Tag Archives: current-events

Voices of the Rainbow

Rosemary Gray-Snelgrove

This is an important blog.  It’s written from the heart, by a generous-spirited young man surviving in Beirut, Lebanon, whom we have come to know through a New Canadian now living with us.  He is part of an LGBT community that is forced to remain largely ‘underground’ because their gender orientations lead regularly to arrest, detention, harsh treatment, beatings.  Iyan is a natural leader, wanting to make public his knowledge of what he and his friends contend with, and working continually to assist them in getting to safety.  He lives among those he works to help.  Several Canadian friends have connected with him and applied to sponsor his coming to Canada.  It’s a long process.   We’re hopeful.  RGS

Voices of the Rainbow, from Beirut, Lebanon

By Iyan

A friend of mine—a trans woman—got stopped recently by police and was treated very badly.  They pulled her by her hair into a car, and detained her for three days. Someone tried to rape her, and someone else took a video of her. She wasn’t allowed to eat or drink and had to beg to go to the bathroom. LGBT advocates tried to see her but no one was allowed in. Luckily her refugee application was already with the Canadian embassy—it was the reason they released her. The Canadian embassy then worked on speeding up the resettlement process, and my friend left within a few days.

Her story is the story of a community of LGBT refugees from all over the world living in Lebanon. I’m a member of this community and decided to write about it.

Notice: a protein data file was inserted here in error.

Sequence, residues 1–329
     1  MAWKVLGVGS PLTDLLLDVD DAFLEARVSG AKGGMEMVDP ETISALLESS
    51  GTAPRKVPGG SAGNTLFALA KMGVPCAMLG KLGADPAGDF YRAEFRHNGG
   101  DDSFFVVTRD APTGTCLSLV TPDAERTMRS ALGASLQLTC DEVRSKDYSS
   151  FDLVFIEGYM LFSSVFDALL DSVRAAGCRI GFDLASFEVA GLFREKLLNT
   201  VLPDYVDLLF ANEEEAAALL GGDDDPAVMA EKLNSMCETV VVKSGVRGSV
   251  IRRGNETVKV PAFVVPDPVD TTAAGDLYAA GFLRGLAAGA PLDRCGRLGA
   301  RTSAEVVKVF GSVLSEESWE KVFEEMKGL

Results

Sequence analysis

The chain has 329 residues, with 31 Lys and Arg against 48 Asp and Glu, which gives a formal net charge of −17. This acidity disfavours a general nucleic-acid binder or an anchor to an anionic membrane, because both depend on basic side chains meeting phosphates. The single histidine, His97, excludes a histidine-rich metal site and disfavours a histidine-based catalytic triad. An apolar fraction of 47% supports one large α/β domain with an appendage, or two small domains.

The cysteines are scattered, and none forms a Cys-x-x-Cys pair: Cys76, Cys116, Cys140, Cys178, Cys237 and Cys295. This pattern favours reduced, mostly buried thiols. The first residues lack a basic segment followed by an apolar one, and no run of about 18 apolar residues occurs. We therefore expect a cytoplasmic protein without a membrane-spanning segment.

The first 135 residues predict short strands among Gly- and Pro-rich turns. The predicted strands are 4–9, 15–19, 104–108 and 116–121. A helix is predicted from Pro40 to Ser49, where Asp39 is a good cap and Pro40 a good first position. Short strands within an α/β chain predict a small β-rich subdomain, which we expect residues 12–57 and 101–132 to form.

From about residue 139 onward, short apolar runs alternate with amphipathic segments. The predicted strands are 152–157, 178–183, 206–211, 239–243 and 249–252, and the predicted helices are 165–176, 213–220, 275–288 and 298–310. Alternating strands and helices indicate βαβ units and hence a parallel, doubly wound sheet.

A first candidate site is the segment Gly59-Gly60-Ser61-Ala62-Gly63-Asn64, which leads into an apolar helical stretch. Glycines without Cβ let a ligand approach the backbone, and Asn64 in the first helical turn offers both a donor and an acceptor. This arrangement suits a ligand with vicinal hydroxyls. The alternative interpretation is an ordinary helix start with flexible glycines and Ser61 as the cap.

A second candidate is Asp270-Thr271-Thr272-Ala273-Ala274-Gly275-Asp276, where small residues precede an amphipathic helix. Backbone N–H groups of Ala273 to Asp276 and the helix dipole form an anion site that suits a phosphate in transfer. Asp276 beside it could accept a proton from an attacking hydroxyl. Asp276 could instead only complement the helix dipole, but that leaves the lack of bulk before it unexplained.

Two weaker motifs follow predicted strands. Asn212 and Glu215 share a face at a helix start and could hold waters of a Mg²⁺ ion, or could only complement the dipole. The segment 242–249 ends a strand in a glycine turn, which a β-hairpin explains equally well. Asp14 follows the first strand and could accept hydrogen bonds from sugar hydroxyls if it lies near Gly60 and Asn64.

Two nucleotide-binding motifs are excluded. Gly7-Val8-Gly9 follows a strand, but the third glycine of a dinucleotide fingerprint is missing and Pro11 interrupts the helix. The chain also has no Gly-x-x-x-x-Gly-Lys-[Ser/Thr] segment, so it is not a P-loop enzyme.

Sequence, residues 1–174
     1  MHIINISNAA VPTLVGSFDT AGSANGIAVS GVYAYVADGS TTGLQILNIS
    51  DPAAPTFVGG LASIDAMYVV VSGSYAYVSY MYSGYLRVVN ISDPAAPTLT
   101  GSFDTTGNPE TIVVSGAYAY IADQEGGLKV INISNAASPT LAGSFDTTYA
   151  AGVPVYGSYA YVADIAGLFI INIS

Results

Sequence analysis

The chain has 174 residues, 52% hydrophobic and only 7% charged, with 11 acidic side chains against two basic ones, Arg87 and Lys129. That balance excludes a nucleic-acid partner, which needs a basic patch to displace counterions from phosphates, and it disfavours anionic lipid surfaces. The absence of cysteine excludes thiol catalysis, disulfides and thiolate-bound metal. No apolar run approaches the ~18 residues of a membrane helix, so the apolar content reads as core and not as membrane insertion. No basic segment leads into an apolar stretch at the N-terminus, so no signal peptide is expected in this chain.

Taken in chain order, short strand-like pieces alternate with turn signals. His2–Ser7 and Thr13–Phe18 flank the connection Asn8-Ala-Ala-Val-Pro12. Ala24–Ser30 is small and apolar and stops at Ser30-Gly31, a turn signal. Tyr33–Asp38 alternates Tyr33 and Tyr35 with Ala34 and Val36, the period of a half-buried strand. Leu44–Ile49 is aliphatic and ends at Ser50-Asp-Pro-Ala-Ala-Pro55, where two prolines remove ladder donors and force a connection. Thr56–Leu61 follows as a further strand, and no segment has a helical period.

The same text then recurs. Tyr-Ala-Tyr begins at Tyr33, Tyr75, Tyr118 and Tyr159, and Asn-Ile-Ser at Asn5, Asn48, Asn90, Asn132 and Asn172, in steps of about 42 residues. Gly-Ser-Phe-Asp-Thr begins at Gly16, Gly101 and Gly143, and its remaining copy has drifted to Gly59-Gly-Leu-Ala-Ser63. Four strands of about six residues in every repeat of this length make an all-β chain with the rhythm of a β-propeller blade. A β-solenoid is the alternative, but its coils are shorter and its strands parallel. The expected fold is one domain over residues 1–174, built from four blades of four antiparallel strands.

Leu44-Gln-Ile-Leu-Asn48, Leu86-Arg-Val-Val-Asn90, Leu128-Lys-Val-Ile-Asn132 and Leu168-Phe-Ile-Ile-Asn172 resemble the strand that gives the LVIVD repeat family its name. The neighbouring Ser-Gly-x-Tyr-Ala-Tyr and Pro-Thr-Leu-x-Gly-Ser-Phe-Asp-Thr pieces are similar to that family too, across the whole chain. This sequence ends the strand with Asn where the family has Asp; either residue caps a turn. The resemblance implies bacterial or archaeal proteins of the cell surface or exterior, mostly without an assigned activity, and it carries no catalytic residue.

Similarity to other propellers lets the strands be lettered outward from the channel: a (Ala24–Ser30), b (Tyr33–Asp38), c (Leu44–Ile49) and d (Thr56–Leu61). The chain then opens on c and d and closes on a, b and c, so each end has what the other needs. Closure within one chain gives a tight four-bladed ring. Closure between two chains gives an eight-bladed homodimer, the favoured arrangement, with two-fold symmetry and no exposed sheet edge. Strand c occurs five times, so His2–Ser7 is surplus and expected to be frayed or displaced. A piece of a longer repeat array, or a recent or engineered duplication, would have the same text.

We gather wherever we feel safe. Most of us don’t have families anymore, because they kicked us out or because we ran away from them or from other threats. Now we’re left to depend on ourselves in a country and a community that does not accept us.

Not a month goes by where everyone is safe. Being LGBT is criminalized here, and even though the United Nations recognizes most of us as refugees, we are considered illegal. This makes everything dangerous. There are no laws to protect us—we can’t go to a police station and complain if someone beats us up, kicks us out of our home, refuses to hire us, rapes us, or threatens us. We get sent to jail for being who we are.

There are no shelters for LGBT people in Lebanon, and most of us can’t afford rent because no one will hire people like us. Even if we can afford it, landlords refuse to rent to trans people or anyone whose sexual orientation shows in the way they move, talk, or dress.

Being hungry and homeless leads many of us to sex work, where there is more abuse. We get used, beaten up, and often go unpaid, but still there’s no choice but to go back down the same road just to have a place to sleep, even if it’s only for one day—just to be given food, even if it’s only a slice of something. Friends often reach out to me in the middle of the night after being used and thrown in the street. They use WhatsApp because they can’t afford to call, and I try to reach out to any advocates I can through assistance hotlines. It becomes harder on me when I also can’t afford to make a phone call.

Some organizations arrange activities for LGBT people. They give money for transportation, so I’ve often walked to their offices and saved that money for food. Sometimes they bring us simple things like cake and juice which feel like heaven for someone who hasn’t eaten anything in a full day or more. A friend of mine used to shower at one organization, and another sleeps there because he is homeless. Away from these organizations, we are not very loved. People stare or laugh at us—or worse, attack us. We’re not respected.